Both of those universities offer many of the same faculties, and are right down the street from one another. Like STU and UNB they also share some facilities and faculties to save money, but essentially compete with one another.

  5. Anonymous says:

    I fully support duplication when it leads to true competition. I do not support it when the majority of costs are paid by taxpayers.

    Paying for a half capacity english class accross the street from another half capacity class is not a good use of taxpayer’s money; I don’t care what you call it but it is a luxury we cannot afford.

    As has been demonstrated through several failed attempts, the much needed direct US flights from NB cannot succeed with 3 under utilized flights. So, we suffer flying to a hub so we can get to the US. Our greed and unwillingness to cooperate holds us back. The same reasons explain why we have not had a medical school.

    I’d fully support the ontario and Quebec airport models of a major airport supported with several municipal ones.

  6. mikel says:

    First, there are FEW, probably not ANY english classes at ‘half capacity’. Even the post secondary report of a couple of years ago could only give ONE example where that had happened, and that was a past anecdotal example which was rectified.

    Of course it depends on the fundamentals-STU brags about its small class sizes, and they were relatively small, at least in the upper levels. But even over a decade ago there was little duplication-each had introductory courses, which usually were pretty full. Then other courses were ‘shared’. I graduated from STU, but over half of my courses were from UNB. Most of the courses I took at UNB were not offered at STU, and vice versa-except those introductory courses that were pretty full.

    In the case of airports, its already a given that Moncton is the ‘major airport’. And that was pretty much by design, even a little forethought will tell you that if you offer upgraded facilities, have a major transit route nearby, and prop it up with a major tax supported courier, then it will become the major airport. That’s no accident.

    You can’t forget the feds, as all three NB airports are part of the national airport policy and are ‘owned’ by the feds. THe national airport policy has been to download the responsibilities to the regions and let ‘the market’ do the rest. In ontario there is no provincial policy that says ‘london can only get so big’ or that says that Toronto is by defition the major airport. If London, Waterloo, or Hamilton grow to compete then thats fully recognized by the feds as the way it should be. In fact the feds almost specifically state that they’d act to ENHANCE the ‘free market’ of air flight (such as it is).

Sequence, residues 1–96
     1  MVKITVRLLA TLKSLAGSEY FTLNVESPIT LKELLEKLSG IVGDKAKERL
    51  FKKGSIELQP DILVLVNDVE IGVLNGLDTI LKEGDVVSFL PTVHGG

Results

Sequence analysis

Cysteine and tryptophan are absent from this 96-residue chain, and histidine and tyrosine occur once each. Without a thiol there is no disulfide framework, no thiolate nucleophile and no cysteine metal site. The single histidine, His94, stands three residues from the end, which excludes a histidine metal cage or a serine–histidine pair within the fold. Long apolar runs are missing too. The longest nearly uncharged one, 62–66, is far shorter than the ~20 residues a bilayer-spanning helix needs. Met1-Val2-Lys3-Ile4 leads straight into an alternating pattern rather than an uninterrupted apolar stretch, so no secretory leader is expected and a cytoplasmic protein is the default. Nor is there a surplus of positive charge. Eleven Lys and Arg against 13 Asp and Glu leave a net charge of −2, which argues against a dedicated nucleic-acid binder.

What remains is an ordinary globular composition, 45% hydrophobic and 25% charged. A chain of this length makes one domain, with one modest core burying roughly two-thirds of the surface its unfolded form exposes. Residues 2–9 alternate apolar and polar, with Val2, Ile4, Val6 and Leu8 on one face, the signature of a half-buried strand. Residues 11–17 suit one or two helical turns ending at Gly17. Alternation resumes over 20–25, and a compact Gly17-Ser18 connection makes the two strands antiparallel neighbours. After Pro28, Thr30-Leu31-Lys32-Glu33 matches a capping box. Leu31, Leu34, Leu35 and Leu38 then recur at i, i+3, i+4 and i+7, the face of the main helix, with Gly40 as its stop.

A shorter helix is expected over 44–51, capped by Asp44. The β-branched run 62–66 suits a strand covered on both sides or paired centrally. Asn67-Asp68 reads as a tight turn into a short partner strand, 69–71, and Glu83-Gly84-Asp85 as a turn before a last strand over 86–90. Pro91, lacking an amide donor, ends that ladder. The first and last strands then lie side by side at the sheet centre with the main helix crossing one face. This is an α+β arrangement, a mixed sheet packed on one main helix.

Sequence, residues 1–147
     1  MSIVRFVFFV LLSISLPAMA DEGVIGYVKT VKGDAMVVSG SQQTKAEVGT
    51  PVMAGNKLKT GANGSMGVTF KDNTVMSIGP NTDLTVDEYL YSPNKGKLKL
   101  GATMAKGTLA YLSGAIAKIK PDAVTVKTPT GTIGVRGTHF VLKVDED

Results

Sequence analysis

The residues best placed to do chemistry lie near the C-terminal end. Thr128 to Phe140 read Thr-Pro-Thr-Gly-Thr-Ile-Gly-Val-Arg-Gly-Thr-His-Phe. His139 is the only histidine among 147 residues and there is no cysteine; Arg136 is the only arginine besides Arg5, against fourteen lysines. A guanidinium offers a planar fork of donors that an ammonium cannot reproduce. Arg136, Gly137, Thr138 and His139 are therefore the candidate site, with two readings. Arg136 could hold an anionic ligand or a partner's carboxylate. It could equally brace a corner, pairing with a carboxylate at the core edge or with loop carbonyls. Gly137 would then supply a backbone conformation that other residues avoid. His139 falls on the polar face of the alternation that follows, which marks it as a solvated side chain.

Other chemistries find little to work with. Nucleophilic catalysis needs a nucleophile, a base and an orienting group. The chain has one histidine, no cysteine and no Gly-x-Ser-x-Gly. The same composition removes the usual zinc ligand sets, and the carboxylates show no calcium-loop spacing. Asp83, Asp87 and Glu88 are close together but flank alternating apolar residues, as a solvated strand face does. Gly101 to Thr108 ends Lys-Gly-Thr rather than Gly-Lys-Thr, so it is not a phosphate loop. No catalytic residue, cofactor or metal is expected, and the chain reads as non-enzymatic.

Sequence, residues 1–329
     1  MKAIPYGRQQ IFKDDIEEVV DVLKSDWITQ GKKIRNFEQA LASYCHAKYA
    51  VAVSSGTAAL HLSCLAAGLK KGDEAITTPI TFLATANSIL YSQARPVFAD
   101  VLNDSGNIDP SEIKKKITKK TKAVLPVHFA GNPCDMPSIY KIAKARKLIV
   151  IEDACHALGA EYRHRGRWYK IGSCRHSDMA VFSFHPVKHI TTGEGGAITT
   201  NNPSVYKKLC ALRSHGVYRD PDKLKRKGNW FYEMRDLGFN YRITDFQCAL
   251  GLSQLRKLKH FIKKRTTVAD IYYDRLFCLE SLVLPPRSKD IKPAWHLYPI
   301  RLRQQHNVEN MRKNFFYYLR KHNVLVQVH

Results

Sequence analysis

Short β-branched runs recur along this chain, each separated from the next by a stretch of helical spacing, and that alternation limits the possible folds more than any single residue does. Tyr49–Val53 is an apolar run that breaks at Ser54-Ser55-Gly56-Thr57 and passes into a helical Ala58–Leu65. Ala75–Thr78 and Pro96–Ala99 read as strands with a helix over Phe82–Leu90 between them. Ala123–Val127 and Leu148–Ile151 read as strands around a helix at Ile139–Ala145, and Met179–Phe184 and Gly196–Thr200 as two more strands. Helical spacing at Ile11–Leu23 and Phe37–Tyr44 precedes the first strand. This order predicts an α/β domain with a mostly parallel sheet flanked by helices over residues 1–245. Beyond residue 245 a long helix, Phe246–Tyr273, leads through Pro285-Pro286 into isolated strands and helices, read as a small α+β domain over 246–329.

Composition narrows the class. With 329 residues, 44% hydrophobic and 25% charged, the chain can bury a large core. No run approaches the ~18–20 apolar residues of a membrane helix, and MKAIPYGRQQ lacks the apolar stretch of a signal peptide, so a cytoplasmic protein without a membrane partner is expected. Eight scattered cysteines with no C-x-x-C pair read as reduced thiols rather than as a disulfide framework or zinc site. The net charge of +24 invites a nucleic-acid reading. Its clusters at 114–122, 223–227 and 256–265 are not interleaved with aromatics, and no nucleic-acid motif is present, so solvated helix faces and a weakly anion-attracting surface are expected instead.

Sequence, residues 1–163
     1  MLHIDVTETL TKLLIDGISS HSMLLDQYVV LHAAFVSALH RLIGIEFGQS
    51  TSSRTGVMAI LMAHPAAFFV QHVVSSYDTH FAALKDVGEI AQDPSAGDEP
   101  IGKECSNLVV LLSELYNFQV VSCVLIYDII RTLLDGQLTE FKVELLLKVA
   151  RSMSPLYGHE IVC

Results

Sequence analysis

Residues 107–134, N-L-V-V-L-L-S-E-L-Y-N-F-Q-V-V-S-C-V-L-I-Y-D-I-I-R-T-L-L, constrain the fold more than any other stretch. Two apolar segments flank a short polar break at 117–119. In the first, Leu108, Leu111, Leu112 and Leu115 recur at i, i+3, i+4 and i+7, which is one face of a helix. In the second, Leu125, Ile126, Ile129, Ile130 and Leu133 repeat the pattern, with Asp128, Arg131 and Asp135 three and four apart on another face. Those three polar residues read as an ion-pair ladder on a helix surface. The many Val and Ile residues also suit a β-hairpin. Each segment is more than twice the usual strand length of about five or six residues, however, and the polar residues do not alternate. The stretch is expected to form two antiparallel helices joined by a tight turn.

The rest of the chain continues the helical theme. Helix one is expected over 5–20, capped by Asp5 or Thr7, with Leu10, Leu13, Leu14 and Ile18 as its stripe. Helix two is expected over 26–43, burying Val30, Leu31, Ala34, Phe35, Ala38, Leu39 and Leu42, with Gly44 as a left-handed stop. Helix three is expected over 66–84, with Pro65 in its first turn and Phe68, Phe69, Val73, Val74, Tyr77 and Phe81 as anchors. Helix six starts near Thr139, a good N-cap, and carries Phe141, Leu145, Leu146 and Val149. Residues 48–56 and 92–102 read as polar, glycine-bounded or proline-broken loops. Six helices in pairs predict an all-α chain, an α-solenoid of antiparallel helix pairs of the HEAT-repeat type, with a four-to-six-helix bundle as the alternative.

So the NB model is very much how most places are moving. IF NB had the customer base then things may be different. But there is no ‘need’ for direct flights to the US-that’s quite obvious if there are not enough customers to service the flights.

    Finally, that’s completely wrong about the medical school-that is NOT why there has been no english medical school. There has been a FRENCH one for awhile in Moncton, and nobody from Fredericton has ever said boo, let alone Campbellton or Bathurst. St. John is FINALLY getting one because the province is FINALLY paying for it. And so far I’ve seen nothing but kudos about that decision and haven’t read anything in any other paper to denounce its location-and as we know, the IRvings LOVE to be the match that makes it look like the municipalities are constantly warring.

    There does seem to be a problem with something David’s new post mentions-and thats ‘how decisions are made’. I’ve seen new programs and departments and schools set up all over the country, virtually NEVER are they at the behest of the provincial government. They start out local. So, the question that we still dont have answered is ‘why hasn’t UNB been at the forefront of demanding a medical school?’

    Perhaps it HAS, and the media just never talks about it. But again, when Sudbury wanted a new cancer research centre they started it locally, they got some funding together to contribute, then went to the province and the feds. In Fredericton most of their concern has been for a convention centre.

  7. Anonymous says:

    Great. If there is no problem with university over capacity then they don’t need more money; they simply need better management.